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Abstract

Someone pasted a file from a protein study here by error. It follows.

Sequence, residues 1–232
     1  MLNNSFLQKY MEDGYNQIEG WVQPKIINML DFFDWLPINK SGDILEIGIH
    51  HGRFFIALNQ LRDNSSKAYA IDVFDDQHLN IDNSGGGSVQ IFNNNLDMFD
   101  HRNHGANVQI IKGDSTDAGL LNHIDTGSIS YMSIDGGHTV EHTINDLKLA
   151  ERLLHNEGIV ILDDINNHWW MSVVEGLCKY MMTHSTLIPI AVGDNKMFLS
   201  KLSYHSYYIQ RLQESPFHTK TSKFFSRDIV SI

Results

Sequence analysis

Functional neuroimaging may provide insights into the achievement gap in reading skill commonly observed across socioeconomic status (SES). Brain activation during reading tasks is known to be associated with individual differences in children's phonological language skills. By selecting children of equivalent phonological skill, yet diverse socioeconomic backgrounds, we use functional magnetic resonance imaging (fMRI) to demonstrate that a child's experience, as operationalized by SES, can systematically modulate the relationship between phonological language skills and reading-related brain activity in left fusiform and perisylvian regions. Specifically, at lower socioeconomic levels, individual differences in skill result in large differences in brain activation. In contrast, as SES increases, this relationship between phonological language skill and activation is attenuated. Socioeconomic background factors are thus found to modulate brain–behavior relationships in reading, indicating that cognitive, social, and neurobiological influences on reading development are fundamentally intertwined.